Antonio the Sun
The Proletarian

Posted by Proletarian | Report as abusive

It doesn’t matter where you stand; conservative, moderate, liberal, the politicians elected to act in the best interest of the country failed. More than that, their actions over the last forty years, allowed the very institutions charged with guarding the financial security of the country, business and We the People, plunder the economy. The actions of these institutions threatened the national security of The United States of America.

Whoever is elected or re-elected in this next election cycle, must hear the voice of our businesses and people. Make real changes to the system that has jeopardized the prosperity of our country. Don’t let the laws be weakened until they are meaningless.

Posted by R_Davis_Ison_IV | Report as abusive

Just a thought (or even political day dreaming): what if President Obama asks Geithner to resign and Congress in it’s remarkable turn of the event does not confirm Bernanke?

Months back in August I speculated that Bernanke will be Man of the Year because clearly his bold moves saved American Economy. But this week his speech in Atlanta clearly demonstrates that ‘he does not get it’ and he does not want to own any of his mistakes.

Remember – when Greenspan was repeatedly asked whether Housing was in bubble, how could he advocate 1yr ARM in Congressional testimony and how come he was not controlling CDOs or derivatives; he was tone deaf. He never accepted his mistakes and we all paid the price. How do we know that Bernanke is not making the same mistakes today so as another collapse of finance is forced on USA?

Fact is Bernanek is making mistake by tending to hold the ‘turf’ of Fed in it’s old wicked ways. If American people were to elect Fed Chairperson, he would be Wiston Churchill – you won WWII, now go home. Bernanke saved us but refuses to admit ‘his skin in the game / mess’; time to go. Will our Congress be with so much Spine? Or indeed do we want maiden victories by Tea Party Candidates in House and Senate after 2010 election?

Geithner – he is kind of Obama’s Rumsfeld. President Obama needs to realize that it is indeed not worth to keep on bleeding the political capital on account of this guy. What is that Obama Admin. going to get by continuing this guy? Reduced unemployment and hence praise from people that President stood by his Sec.? Doubtful. Yes, President can wait until election result in Nov. 2010 and then throw the bone of Geithner resignation. But what does it buy for American people till then?

Except for National Security and War; we want this Admin. to talk all the time about Jobs, Economy and holding Bankers responsible. That is not happening and Geithner is not the man who looks like would do that. He still does not understand that his paycheck is not coming from big banks. It is too late and WH needs to show him the road to home.

Posted by umeshgeeta | Report as abusive

I recommend William Greider’s “Secrets of the Temple.” It is an excellent analysis of the Federal Reserve.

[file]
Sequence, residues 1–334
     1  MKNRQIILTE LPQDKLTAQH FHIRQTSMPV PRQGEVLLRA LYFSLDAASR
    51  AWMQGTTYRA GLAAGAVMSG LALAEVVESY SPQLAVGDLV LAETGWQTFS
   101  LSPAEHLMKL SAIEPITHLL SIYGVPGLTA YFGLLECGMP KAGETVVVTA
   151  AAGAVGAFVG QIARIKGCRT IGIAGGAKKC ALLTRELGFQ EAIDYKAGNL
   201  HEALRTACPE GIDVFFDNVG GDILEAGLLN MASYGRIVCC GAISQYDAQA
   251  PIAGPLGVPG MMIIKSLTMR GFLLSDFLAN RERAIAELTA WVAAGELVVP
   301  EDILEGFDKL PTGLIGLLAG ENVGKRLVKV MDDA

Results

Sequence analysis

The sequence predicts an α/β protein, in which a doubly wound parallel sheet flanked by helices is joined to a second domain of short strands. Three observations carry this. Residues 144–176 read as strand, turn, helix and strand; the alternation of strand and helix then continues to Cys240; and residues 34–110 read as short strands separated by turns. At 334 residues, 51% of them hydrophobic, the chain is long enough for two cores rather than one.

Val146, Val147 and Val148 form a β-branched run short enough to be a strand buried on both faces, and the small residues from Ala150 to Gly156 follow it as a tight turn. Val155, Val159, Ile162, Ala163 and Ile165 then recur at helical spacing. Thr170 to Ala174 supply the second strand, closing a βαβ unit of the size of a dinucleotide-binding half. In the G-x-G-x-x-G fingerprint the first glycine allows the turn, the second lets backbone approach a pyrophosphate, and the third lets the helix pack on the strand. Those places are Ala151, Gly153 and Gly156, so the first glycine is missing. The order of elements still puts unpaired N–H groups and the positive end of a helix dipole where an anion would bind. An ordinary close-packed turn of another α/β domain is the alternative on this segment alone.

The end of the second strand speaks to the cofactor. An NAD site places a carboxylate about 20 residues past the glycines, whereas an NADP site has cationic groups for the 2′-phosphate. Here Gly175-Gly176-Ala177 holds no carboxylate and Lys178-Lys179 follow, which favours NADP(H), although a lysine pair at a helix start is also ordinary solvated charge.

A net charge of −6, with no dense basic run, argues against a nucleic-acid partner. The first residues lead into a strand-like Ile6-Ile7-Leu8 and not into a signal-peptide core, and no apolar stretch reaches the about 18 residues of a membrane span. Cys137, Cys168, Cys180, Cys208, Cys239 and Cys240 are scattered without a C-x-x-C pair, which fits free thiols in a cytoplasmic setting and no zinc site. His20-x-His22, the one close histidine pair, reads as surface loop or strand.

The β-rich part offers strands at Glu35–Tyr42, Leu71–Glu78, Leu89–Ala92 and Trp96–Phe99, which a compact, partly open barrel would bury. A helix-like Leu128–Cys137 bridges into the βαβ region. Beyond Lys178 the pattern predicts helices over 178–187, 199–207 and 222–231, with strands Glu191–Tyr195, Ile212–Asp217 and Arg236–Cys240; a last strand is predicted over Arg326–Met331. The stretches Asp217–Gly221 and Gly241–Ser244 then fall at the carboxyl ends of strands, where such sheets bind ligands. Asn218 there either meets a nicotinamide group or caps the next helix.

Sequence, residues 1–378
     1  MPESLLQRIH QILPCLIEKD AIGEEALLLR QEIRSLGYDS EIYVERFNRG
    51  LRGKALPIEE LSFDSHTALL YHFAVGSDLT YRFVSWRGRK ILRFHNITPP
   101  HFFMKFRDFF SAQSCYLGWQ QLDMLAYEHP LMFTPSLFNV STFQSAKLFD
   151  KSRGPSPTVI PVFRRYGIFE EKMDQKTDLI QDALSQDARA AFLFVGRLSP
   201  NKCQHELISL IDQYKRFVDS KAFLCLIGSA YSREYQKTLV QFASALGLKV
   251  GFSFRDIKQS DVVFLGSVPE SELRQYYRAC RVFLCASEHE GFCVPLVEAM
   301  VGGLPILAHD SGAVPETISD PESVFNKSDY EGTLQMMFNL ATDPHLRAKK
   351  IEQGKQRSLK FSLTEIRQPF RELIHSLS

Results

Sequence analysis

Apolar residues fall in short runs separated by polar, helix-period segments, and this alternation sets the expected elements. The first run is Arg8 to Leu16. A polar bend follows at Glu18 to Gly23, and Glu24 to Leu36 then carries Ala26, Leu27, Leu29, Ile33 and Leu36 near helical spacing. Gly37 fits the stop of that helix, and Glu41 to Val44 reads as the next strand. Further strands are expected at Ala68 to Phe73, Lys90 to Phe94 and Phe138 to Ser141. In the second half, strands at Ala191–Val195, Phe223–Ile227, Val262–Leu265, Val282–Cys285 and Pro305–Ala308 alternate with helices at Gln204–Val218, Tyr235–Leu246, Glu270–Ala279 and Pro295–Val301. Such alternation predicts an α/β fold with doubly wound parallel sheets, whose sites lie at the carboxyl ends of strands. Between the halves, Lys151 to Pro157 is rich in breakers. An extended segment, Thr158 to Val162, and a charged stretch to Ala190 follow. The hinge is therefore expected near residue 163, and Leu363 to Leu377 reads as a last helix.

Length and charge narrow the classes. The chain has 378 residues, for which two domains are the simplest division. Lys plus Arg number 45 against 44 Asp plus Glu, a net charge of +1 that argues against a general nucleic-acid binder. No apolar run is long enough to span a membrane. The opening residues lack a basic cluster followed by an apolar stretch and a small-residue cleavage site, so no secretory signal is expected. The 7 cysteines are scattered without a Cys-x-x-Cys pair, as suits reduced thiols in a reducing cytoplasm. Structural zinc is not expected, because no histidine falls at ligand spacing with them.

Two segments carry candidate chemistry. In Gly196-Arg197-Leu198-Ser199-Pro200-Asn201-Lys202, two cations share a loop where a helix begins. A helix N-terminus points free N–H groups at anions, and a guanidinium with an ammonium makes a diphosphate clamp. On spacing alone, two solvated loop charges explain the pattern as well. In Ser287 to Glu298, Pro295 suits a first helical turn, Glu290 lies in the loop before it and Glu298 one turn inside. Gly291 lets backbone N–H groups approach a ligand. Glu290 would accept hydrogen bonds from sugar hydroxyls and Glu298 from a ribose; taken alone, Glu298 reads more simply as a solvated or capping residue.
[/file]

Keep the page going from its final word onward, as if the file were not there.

Posted by cadabra | Report as abusive

Nonsense. The federal reserve only cares about their banking buddies and their hold on power. They are not elected representatives of the people, they hand picked from within the banking community and appointed. Their ill gotten power is an affront to the democratic ideals of the constitution. That the media defends this illegal banking cabal so vehemently is an admission of the extent to which they control the USA.

Until the federal reserve is audited by independent party, the american people will not know the many sordid high crimes and abuses of power that the federal reserve has committed.

Again, the federal reserve does not care about price stability, inflation, employment, or the economy.

Everything that they and their congressional puppets since the fall of 2007 has been to only help Goldman Sachs and JP Morgan Chase continue their worthless and wicked existence.

The federal reserve is the absolute enemy of the american people. They are group of arrogant, evil, and dangerous men that need to be stopped at all costs!

Audit the fed, abolish them, punish them, and break up Goldman Sachs and JP Morgan Chase.

While we are at it, we should fire everyone at the CFTC and SEC because they have become mere puppets of the big banks!

Posted by bigkirb1 | Report as abusive

What is truly amazing is how the Republicans are managing to slosh this whole fiasco off on Obama and deservedly so.

Posted by williambanazi7 | Report as abusive
Post Your Comment

We welcome comments that advance the story through relevant opinion, anecdotes, links and data. If you see a comment that you believe is irrelevant or inappropriate, you can flag it to our editors by using the report abuse links. Views expressed in the comments do not represent those of Reuters. For more information on our comment policy, see http://blogs.reuters.com/fulldisclosure/2010/09/27/toward-a-more-thoughtful-conversation-on-stories/